T-Mobile G1: A Closer Look

Martin Brinkmann
Oct 4, 2008
Updated • Apr 11, 2013
Google Android

Google is pushing their Android operating system on the market and the first mobile phone that is been powered by it is the T-Mobile G1 phone. It comes out in a few weeks in the United States and will be exclusively sold by T-Mobile in a deal that looks similar to the one Apple made with AT&T in the United States to sell their iPhone exclusively.

There is however one fundamental difference between Apple's marketing strategy and Google's. Android is an operating system and several companies are developing mobile phones based on the operating system which means more choice for consumers in the long run. While it will take some time before other companies start to produce phones based on Android, it is very likely that we will see a broad mixture of devices come out that are powered by it.

The G1 is just the first phone based on Android and receives coverage because of that. Not everything is perfect yet though and the article tries to look at some of the functions and features that are missing or inferior to today's standards.

It basically comes down to the user and the things that you want a phone to support.

A few problematic elements can be identified by simply looking at the announcements that have been made:

  • No support for Microsoft Exchange Active Sync.
  • Uses proprietary headphone connection.
  • Access To Amazon MP3 store only over WLAN.
  • Media player seems to be incapable of playing videos, only Youtube supported
  • No Multi-touch.
  • Only 1 Gigabyte of Flash Memory, maximum of 8 Gigabyte supported
  • No video recording.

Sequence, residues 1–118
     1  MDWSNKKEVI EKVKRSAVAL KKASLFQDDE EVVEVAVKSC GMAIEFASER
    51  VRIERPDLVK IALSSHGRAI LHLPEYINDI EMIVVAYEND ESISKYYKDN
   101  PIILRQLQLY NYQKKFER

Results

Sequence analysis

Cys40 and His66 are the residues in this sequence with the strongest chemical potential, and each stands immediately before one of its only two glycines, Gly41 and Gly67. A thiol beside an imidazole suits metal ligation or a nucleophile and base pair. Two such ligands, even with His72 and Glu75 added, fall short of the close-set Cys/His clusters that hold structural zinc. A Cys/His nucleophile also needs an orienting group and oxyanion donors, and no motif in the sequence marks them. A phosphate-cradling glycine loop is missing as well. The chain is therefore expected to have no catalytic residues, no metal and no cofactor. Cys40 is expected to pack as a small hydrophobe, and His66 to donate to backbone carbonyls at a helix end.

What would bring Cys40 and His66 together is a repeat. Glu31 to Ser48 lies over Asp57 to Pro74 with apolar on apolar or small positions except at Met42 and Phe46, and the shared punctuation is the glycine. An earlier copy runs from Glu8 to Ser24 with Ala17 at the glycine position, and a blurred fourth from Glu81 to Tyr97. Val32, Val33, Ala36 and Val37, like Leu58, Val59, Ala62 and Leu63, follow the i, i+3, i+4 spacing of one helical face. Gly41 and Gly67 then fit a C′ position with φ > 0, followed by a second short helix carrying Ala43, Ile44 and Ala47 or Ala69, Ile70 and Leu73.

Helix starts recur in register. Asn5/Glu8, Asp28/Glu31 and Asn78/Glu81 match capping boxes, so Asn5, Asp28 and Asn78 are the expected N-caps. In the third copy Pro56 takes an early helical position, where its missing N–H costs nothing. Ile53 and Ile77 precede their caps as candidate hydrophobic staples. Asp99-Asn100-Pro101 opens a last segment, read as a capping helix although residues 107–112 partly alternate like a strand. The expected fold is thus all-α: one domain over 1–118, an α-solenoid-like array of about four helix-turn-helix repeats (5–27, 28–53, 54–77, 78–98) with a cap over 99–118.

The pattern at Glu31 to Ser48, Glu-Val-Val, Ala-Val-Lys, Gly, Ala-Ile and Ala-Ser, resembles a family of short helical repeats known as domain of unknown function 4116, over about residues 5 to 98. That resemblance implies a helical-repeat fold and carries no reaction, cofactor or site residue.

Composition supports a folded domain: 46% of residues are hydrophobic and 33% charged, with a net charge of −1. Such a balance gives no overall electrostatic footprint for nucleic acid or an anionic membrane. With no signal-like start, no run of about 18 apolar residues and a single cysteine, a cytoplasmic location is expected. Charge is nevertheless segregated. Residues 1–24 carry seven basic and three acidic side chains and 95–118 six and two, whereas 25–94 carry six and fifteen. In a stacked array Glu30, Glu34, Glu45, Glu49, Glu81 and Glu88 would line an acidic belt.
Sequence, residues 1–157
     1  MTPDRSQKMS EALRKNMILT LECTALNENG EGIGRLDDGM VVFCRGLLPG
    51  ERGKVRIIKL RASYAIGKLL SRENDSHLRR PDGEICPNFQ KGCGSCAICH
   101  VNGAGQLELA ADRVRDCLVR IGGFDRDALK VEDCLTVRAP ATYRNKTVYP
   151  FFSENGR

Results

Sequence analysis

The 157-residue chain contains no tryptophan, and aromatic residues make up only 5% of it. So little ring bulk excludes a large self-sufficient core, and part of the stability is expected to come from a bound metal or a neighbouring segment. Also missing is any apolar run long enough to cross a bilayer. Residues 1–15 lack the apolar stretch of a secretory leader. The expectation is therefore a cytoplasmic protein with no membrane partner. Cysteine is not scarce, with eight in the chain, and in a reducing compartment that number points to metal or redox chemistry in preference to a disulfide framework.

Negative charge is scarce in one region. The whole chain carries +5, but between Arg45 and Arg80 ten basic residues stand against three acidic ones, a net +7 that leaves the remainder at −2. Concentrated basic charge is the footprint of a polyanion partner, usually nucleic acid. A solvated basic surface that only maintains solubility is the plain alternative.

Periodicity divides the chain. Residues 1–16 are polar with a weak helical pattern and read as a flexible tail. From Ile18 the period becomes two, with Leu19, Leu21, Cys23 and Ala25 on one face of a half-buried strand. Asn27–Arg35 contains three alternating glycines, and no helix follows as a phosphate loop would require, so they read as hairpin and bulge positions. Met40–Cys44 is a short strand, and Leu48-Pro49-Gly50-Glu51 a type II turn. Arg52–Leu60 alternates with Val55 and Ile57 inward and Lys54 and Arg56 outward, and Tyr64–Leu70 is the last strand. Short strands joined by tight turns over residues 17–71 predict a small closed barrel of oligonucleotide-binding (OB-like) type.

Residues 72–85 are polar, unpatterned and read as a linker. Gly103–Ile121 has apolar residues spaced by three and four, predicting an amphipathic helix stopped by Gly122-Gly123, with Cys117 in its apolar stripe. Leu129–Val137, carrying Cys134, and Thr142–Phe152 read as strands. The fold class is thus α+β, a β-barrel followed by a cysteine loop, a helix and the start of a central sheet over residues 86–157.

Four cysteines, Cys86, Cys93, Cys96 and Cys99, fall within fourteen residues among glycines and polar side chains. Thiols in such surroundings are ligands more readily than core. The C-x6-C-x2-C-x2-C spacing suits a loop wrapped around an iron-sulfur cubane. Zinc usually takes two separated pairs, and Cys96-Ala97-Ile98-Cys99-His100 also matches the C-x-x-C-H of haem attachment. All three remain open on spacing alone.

• No virtual keyboard

Now, everyone has to make a buying decision on their own, and the missing feature should only be the starting point to take a closer look at the phone. My suggestion if you spot something on the list that you need? Wait for other phones based on Android or updates to the operating system.

Update: Android has evolved quite a bit ever since the first phone, the T-Mobile G1, has been released in 2008. Android today is available on hundreds of different phones, and it is the one operating system that is keeping up with Apple's iPhone.


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  1. Specter said on August 28, 2009 at 5:08 pm

    All have been working since cupcake release v1.5 except Multi-touch possibly int the next release…

  2. LARKKEN said on October 16, 2008 at 12:33 pm

    the demo the t-mobile store has a 16gb card in it now played with it today

  3. yoyo said on October 15, 2008 at 7:08 am

    the data usage cap has actually been increased to 10gb, twice that of the iphone

  4. Ash said on October 8, 2008 at 6:05 am

    32gb ??
    Did you read: maximum of 8 Gigabyte supported?

  5. LARKKEN said on October 5, 2008 at 9:48 am

    why does noone say extusb is like twice the sound quality of a standard 3.5mm headphone jack? With support of HCSD in january when 32gb cards come out from Kingston and Sand disk you could have a G1 with 32gb of storage, ohh and developers can write Any app IE…. Exchange, video plyers, diff web browsers….. come on people dont fight the future

  6. chad said on October 4, 2008 at 11:22 pm

    “It basically comes down to the user and the things that he might want to do with the phone. ”
    BULL$%@, it comes down to what the carriers will leave unlocked and allow you to use on “their network”. The US carriers will never sell and allow an open source (the way most tech people think of open source). Google has already made concessions to TMo about IM and bluetooth issues, and TMo tried to sneak a fast one by us with a 1gb cap. They also made clear “this is a standalone device” when the idea of tethering came up. The carriers may not be able to have as much control over the devices, but will act quickly to exercise control via the network

  7. Andrey said on October 4, 2008 at 9:04 pm

    Also no A2DP support.

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